Why your website continues to disappoint

Paul Boag

Great design on the web doesn’t come from moments of inspiration. It comes from the continual iteration of every detail.

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Would you like to see one of my favourite pages on the web? It is the hotel page on booking.com. It is a great piece of design. Every element works together to compel you to place a booking. Seriously. Take a moment and look at it.

This is one of my favourite pages on the web. It doesnt look pretty but it works incredibly hard.
This is one of my favourite pages on the web. It doesn’t look pretty but it works incredibly hard.

Check out those reviews, front and centre. They understand what motivates people these days. They understand we care about real users comments, not promotional material.

Then there are the warnings that the room I want is almost gone. I better act soon! This is even more compelling when it pops up a message telling you somebody else is looking at the same hotel. What if they book before me?

The page systematically addresses every concern a user might have:

  • Could I get a cheaper price elsewhere?
  • What if I want to cancel?
  • Do they have free wifi?
  • Do the staff speak my language?
  • Will they take my credit card?

That is just the tip of the iceberg. They craft every nuance of this page from the “reasons to choose” section to the large photo gallery. They have thought of everything and every screen element has to work hard to justify its place. It is not a beautiful web page. It is a hard working page.

Some web pages need to evolve

But here is the thing. It would be impossible for a designer to sit down one day and design this page. This is a web page that can only exist because it has evolved over time based on observing real users behaviour.

In fact at any one time booking.com is running over 100 tests on their website. They are refining and improving each page to ensure the greatest effectiveness possible. Could your organisation do that?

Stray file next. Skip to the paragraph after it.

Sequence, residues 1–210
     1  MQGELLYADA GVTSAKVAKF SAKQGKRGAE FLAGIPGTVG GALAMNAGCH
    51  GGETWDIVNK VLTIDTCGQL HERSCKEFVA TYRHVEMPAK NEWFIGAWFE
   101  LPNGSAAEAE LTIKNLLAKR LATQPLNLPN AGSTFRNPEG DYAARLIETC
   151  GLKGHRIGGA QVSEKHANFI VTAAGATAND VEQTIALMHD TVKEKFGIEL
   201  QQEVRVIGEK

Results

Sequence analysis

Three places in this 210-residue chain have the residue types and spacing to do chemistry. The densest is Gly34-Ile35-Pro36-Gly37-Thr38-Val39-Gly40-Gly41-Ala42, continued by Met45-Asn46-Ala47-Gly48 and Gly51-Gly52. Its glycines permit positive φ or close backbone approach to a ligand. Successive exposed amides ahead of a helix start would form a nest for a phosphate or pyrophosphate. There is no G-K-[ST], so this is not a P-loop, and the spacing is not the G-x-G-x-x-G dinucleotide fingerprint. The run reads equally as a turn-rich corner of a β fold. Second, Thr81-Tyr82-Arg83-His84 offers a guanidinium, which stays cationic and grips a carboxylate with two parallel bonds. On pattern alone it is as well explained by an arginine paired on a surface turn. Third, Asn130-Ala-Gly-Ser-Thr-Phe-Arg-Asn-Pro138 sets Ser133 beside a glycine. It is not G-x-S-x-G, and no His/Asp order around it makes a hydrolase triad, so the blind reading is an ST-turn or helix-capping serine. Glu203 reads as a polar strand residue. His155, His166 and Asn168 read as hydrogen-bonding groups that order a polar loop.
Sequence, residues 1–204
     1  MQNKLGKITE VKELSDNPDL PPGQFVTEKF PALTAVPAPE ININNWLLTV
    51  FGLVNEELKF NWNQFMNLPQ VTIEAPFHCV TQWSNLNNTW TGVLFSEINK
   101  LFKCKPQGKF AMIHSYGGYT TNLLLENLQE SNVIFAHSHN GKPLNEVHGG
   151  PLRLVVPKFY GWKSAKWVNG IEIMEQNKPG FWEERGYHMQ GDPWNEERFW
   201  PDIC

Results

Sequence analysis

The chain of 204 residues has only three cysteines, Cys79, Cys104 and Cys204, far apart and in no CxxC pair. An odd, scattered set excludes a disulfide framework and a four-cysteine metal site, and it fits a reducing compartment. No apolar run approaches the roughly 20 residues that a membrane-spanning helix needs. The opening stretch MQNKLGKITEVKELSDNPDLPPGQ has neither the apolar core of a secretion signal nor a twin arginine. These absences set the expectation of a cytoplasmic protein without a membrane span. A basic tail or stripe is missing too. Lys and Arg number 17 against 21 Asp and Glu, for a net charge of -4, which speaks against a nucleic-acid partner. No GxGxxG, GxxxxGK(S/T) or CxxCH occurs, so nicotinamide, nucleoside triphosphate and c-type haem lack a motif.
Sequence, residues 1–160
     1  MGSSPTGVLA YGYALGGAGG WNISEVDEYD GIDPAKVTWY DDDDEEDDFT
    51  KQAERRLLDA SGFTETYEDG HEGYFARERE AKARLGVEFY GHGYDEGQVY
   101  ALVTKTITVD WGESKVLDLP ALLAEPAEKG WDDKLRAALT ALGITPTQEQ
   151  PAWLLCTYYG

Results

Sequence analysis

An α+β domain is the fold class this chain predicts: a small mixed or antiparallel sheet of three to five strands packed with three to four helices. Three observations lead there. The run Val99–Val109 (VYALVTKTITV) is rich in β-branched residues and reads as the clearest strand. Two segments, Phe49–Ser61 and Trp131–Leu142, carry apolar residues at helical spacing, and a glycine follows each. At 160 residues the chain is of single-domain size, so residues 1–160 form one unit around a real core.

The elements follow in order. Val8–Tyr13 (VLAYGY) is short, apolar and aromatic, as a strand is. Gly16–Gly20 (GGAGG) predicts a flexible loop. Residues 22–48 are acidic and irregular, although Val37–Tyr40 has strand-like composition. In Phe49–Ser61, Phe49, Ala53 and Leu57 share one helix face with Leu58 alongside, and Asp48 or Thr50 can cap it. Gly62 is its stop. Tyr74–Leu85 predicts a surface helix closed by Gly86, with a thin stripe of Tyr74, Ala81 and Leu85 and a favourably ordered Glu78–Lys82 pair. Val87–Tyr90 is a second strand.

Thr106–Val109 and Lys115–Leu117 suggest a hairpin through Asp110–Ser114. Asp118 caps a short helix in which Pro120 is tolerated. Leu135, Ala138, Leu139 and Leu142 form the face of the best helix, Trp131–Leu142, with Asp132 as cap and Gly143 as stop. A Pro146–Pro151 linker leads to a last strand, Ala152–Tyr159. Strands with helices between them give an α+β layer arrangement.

The chances are your organisation will never have a page as effective as the booking.com hotel page. This is because you are approaching digital with the wrong attitude.

The curse of periodic redesign

Your organisation treats your website as something you needs periodic redesign. They view it like any other project. You plan, build and then forget. At least except for a bit a bit of maintenance. You are not investing in it on a regular basis.

You plan your latest redesign in relative ignorance. You don’t know how users will respond. Sure you might do a bit of user testing but until the site is live you cannot know. Yet when your organisation finally launches it they then abandon it. Everyday your analytics fill up with valuable data about what users are doing and how your site is performing. Yet you ignore it all.

An under resourced web team

Hang on I hear you cry, we have a web team. We are investing in our website on an ongoing basis. The problem is that your web team is under resourced. It barely has the capability to do basic support. It certainly cannot continually evolve your website. It can only just maintain the status quo. It doesn’t have the time to review analytics and adjust the site design. It is too busy implementing the latest whim from marketing.

The wrong culture for experimentation

But worst of all there is no place for experimentation. When you pay for some agency to redesign your website you expect results. The same is true for your web team which is under constant pressure to deliver. Yet good web design is born from experimentation. From having an idea, putting it out there and seeing what happens.

I wonder how many features booking.com tested on their site only to drop. For every one experiment that works, many others fail.

Under valuing digital

Of course part of the problem is that organisations undervalue their website. Booking.com can see how a tweak there and an enhancement there leads to sales. But they are the exception. Most organisation don’t do that level of monitoring or think it is impossible in their circumstance.

They see the web as a necessary evil. But how long would they last without it?

One day most organisations will manage their digital presence like booking.com. The question is will your organisation be around to learn from its mistake?

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